The algorithms of STL can be divided into two groups
by their memory access pattern:
*scanning* algorithms and *random access* algorithms.

**Scanning algorithms.** These are the algorithms that work with Input, Output,
Forward, and Bidirectional iterators only.
Since random access operations are not
allowed with these kinds of iterators, the algorithms inherently
exhibit strong spatial locality of reference. STXXL containers and their iterators are STL-compatible, therefore
one can directly apply STL scanning algorithms to them,
and they will
run I/O-efficiently (see the use of `std::generate` and `std::unique`
algorithms in the Listing 4).
Scanning algorithms are the majority of the STL algorithms (62 out of 71).
STXXL also offers specialized implementations of some scanning
algorithms (`stxxl::for_each`, `stxxl::generate`, etc.),
which perform better in terms of constant factors in the
I/O volume and internal CPU work. These implementations
benefit from accessing lower level interfaces of the BM layer
instead of using iterator interfaces, resulting
in smaller CPU overhead. Being aware of the sequential
access pattern of the applied algorithm, the STXXL
implementations can do prefetching
and use queued writing, thereby leading to the overlapping of
I/O with computation.

**Random access algorithms.** These algorithms require RandomAccess iterators,
hence may perform many random I/Os ^{4}.
For such algorithms, STXXL provides
specialized I/O-efficient implementations that work with STL-user layer external
memory containers. Currently the library provides two implementations of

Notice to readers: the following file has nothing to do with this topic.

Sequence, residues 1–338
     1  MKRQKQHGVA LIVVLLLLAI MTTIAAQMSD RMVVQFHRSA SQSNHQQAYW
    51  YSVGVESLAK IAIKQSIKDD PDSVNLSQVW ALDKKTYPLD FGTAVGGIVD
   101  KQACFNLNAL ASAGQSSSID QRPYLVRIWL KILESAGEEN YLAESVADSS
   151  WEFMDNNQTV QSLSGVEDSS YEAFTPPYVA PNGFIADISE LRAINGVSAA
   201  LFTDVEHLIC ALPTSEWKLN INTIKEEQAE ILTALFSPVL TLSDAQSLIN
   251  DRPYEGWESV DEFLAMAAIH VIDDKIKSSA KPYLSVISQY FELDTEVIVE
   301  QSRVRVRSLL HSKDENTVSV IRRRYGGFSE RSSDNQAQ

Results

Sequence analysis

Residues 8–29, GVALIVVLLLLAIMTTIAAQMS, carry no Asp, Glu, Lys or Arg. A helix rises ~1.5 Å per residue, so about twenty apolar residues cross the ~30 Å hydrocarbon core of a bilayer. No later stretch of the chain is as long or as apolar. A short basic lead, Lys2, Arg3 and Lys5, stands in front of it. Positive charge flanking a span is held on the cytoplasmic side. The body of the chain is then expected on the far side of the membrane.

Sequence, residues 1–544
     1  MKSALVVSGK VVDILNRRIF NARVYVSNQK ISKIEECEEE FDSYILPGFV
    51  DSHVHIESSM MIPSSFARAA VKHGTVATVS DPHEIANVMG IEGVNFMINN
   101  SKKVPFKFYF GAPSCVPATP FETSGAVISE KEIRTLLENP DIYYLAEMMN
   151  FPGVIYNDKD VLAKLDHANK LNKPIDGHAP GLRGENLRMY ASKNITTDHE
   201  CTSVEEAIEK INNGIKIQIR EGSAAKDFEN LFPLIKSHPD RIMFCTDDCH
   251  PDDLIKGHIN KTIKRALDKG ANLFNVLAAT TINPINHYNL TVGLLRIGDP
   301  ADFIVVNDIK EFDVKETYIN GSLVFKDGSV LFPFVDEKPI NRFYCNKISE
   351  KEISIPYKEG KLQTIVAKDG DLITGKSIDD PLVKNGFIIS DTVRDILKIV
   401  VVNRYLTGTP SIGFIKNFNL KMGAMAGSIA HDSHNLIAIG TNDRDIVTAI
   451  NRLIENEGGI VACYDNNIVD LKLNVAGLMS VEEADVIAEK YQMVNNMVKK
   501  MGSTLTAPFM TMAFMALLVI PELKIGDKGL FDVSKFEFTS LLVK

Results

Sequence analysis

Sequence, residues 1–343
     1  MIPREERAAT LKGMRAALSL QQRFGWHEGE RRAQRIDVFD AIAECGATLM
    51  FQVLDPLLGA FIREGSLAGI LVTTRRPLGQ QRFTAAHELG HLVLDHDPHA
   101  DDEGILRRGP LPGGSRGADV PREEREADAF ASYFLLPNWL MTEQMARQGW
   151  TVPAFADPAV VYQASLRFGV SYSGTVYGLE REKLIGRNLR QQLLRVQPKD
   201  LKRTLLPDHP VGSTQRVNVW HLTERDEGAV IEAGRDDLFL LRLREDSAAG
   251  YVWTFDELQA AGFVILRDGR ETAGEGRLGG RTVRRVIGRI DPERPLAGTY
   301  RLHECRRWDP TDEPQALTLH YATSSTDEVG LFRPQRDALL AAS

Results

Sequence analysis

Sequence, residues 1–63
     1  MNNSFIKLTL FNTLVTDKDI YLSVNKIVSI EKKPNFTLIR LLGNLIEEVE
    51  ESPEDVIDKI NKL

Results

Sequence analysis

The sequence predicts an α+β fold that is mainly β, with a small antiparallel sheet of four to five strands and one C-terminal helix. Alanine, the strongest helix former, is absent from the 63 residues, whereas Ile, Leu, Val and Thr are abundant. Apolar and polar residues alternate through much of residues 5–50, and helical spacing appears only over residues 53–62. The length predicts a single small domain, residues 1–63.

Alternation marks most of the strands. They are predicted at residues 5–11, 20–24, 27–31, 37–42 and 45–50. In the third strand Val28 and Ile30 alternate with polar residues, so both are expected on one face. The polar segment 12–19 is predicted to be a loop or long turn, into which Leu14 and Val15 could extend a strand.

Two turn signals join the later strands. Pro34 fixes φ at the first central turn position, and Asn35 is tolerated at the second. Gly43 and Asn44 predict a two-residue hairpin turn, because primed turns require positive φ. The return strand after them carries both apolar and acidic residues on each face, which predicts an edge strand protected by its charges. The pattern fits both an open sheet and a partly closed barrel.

sorting: an `std::sort`-like sorting routine - `stxxl::sort`,
and a sorter that exploits integer keys - `stxxl::ksort`. Both sorters
are highly efficient parallel disk implementations. The algorithm
they implement guarantees close to optimal I/O volume and almost perfect
overlapping between I/O and computation [16].
The performance of the sorters scales well. With eight disks which have peak
bandwidth of 380 MB/s it sorts 128 byte elements with 32 bit keys
achieving I/O bandwidth of 315 MB/s.

Listing 4 shows how to program using the STL-user layer
and how STXXL containers can be used together with both STXXL algorithms and
STL algorithms. Definitions of classes `edge`, `random_edge` and
`edge_cmp` are in Listing 3.
The purpose of our example is to generate a huge random directed
graph in sorted edge array representation. The edges in the edge array must be sorted
lexicographically. A straightforward procedure to do this is to: 1) generate a sequence
of random edges, 2) sort the sequence, 3) remove duplicate edges from it.
If we ignore definitions of helper classes the STL/STXXL code for it is only
five lines long:
Line 1 creates an STXXL external memory vector with 10 billion edges.
Line 2 fills the vector with random edges (`generate` from
STL is used).
In the next line the STXXL external memory sorter sorts randomly generated edges
using 512 megabytes of internal memory. The lexicographical order is defined by
functor `my_cmp`, `stxxl::sort` also requires the comparison
functor to provide upper and lower bounds for the elements being sorted.
Line 6 deletes duplicate edges in the external memory vector
with the help of the STL `unique` algorithm. The `NewEnd` vector iterator
points to the right boundary of the range without duplicates.
Finally (Line 7), we chop the vector
at the `NewEnd` boundary.
Now we count the number of I/Os performed by this example: external vector
construction takes no I/Os; filling with random values requires a scan -- I/Os;
sorting will take I/Os; duplicate removal needs no more than I/Os;
chopping a vector is I/O free. The total number of I/Os is .